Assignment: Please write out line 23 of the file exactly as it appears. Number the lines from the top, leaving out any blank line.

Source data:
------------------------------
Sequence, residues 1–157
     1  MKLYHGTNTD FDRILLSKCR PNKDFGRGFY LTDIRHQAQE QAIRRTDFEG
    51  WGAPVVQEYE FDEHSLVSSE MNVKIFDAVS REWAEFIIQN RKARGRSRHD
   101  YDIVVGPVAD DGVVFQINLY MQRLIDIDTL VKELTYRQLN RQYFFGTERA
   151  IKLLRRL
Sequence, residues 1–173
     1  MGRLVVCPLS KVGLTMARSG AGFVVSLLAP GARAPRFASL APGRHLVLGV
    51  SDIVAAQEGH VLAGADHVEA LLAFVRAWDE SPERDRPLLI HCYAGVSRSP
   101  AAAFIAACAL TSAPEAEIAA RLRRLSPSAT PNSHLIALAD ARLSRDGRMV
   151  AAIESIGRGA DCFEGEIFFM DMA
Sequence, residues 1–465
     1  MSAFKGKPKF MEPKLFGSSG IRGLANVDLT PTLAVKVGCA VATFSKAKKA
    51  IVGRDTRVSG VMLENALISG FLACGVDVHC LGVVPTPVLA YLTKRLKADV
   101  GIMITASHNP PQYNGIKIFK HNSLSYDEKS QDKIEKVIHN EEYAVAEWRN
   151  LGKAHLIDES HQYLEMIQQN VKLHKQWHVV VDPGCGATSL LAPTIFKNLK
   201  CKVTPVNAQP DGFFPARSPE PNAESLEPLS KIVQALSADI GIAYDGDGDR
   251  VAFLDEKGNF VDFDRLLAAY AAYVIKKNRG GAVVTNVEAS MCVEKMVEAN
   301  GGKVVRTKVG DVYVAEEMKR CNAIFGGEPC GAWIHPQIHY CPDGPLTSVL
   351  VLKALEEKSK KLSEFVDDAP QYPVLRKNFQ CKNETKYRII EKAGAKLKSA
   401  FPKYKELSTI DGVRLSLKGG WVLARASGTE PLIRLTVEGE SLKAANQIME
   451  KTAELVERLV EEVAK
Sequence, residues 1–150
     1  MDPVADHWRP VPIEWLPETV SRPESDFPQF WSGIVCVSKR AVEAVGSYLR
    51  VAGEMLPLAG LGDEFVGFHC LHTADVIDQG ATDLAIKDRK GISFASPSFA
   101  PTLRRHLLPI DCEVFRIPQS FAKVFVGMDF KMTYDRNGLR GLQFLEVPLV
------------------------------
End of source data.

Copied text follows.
     1  MDPVADHWRP VPIEWLPETV SRPESDFPQF WSGIVCVSKR AVEAVGSYLR